To Celebrate Her Collaboration With Catbird, Cassi Namoda Hosted a Supper in Her SoHo Studio

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Cassi Namoda wearing necklaces, rings, and earrings from her new Catbird collectionPhoto: Courtesy of Catbird

Mozambican painter Cassi Namoda was dreaming up a jewelry collection long before she met Leigh Plessner and Rony Vardi, the cofounders of Brooklyn label Catbird. Namoda’s vibrant work (which you might recognize from Vogue Italia—she was one of eight artists chosen to paint the January 2020 cover) centers on post-colonial Mozambique, exploring the quiet moments of daily life as well as broader subjects of race, culture, and history. Jewelry is often depicted in Namoda’s portraits, and earlier this year, she’d been thinking about how she might create an “ode to Mozambique” through the medium.

Cut to April, and a serendipitous call with Plessner and Vardi put the idea in motion. The designers had sent Namoda jewelry from Catbird’s collaboration with The Met Museum, and Namoda floated the idea of working together on a capsule. As fans of Namoda’s work and the rich story behind her vision, Plessner and Vardi didn’t think twice about it: “She sent us tons and tons of references about Mozambique, plus photos of Princess Elizabeth of Toro,” Plessner says. “She wore jewelry better than anyone!” Namoda adds, pointing to her delicate collar of tiny aquamarine beads, inspired by the royal’s signature pearls.

Arrow studs and garnet and pearl drop earrings from Namoda’s new Catbird collectionPhoto: Courtesy of CatbirdGarnet and aquamarine necklaces from Namoda’s new Catbird collectionPhoto: Courtesy of Catbird

Last night, the trio debuted the full collection at an intimate dinner in Namoda’s airy new studio on Mercer Street. Friends gathered around a table of delicate garnet earrings, aquamarine bracelets, tiny arrow studs, and engraved charms while the scent of clover, musk, and seafoam floated through the air (courtesy of Namoda’s signature candle). One necklace read “radiant being worthy of love,” cribbed from the title of a favorite painting by Namoda, and Plessner described the gold “painter’s ring” as resembling thick drips of paint.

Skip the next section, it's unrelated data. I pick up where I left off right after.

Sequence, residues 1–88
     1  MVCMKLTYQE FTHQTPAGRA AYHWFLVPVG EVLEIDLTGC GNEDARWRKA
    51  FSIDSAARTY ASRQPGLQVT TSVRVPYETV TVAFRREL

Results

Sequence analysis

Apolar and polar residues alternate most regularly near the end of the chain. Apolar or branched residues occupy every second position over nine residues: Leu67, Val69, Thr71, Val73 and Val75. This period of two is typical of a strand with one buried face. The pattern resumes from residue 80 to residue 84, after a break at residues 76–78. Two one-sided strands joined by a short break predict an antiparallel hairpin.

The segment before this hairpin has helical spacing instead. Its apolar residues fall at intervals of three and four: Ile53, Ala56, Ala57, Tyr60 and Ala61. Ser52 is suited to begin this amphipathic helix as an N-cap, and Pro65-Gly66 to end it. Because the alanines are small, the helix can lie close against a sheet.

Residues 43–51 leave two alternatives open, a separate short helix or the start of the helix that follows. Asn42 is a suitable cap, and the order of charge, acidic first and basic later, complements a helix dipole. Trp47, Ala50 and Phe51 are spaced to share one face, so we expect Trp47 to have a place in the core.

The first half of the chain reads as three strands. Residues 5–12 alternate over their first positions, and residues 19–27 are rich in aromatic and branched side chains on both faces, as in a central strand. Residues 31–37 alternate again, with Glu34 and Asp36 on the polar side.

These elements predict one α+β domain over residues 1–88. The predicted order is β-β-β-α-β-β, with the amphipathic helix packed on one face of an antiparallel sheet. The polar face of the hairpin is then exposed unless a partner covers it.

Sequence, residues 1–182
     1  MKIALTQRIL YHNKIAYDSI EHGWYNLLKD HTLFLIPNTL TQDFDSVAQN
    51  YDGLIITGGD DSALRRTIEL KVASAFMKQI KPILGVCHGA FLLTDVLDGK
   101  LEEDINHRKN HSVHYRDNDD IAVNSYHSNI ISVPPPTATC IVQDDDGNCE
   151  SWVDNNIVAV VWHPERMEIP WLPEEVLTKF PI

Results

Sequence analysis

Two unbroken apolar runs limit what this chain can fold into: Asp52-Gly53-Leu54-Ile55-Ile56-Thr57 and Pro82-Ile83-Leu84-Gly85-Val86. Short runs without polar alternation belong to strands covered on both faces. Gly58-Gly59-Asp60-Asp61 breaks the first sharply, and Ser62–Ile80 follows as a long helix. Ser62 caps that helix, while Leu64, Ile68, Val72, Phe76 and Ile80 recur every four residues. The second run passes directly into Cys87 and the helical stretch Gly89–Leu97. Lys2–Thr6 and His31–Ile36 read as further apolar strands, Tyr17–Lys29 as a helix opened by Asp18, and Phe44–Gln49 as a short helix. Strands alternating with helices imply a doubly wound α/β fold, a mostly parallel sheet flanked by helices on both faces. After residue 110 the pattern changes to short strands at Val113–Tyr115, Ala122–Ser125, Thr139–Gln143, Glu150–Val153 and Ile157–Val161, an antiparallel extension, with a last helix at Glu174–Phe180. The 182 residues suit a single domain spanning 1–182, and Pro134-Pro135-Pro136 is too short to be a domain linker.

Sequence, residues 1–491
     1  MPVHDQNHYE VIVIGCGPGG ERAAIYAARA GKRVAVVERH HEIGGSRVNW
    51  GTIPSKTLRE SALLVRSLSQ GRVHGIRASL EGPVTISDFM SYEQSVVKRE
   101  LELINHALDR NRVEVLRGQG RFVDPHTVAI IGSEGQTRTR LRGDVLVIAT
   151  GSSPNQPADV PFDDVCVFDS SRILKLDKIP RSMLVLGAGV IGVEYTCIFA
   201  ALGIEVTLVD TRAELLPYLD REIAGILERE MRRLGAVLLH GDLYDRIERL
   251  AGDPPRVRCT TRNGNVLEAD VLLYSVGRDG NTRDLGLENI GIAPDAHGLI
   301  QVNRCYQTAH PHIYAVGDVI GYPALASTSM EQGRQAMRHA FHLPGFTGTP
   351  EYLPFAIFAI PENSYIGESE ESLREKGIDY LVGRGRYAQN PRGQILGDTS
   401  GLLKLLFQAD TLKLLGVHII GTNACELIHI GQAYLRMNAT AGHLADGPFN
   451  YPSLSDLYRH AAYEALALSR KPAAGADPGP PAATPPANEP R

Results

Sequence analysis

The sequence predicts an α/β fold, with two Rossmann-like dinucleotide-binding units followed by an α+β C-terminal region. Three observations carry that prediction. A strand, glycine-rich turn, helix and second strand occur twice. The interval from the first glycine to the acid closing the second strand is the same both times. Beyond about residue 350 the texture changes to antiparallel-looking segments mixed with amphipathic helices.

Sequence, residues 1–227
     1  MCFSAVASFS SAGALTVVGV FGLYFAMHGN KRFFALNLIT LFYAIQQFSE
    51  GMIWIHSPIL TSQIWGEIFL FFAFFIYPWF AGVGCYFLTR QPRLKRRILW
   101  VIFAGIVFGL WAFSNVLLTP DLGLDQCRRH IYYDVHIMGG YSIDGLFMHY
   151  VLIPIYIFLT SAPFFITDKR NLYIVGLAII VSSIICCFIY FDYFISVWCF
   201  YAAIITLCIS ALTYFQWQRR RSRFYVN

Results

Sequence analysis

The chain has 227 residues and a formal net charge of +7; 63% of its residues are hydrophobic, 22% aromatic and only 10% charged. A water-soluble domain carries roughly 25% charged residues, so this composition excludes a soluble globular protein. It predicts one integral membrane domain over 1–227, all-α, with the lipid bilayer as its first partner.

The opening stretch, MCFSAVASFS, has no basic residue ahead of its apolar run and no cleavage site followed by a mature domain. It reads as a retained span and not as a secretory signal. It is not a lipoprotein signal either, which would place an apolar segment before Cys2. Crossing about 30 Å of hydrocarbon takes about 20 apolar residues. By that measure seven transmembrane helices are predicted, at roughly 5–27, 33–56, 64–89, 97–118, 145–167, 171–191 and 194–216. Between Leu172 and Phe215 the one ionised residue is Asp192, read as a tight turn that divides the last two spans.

Most pieces were influenced by a particularly enchanting Mozambique tradition: Every day, locals comb the beach looking for gemstones, amber, and gold that have washed up from centuries-old shipwrecks along the ocean floor. In other words: real buried treasure. Many homes have their own “treasure chests,” and Namoda returned to New York with a small collection of amber, Italian glass beads, and Ming Dynasty porcelain. “There’s this obsession with finding [things], and I was so in love with the essence of it. I really wanted to recreate it in some way,” she explained. “The idea of something so precious being [passed] down through history… That’s something that influences me every day. In my practice, I’m often trying to dovetail these different narratives and stories.”

The real treat was seeing Namoda wear the jewelry in her own space, which was filled with enormous unfinished canvases and her crew of stylish friends: producer and model Sage Elsesser, artists Ludovic Knoth and Ekene Ijeoma, and Sincerely Tommy’s Kai Avent-DeLeon and her husband, Nate Thellen. As Laila Gohar set out plates of summer vegetables and rosemary cocktails, an air of joy and ease radiated through the room. This was how we’d all imagined our re-emerging: joyful, colorful, relaxed.

To further mark the occasion, Catbird made $5,000 donations to two organizations in Mozambique: Save the Children and Kurandza, a social enterprise investing in the future of women and girls in the country. You can shop the collection at Catbird’s store and online starting today.

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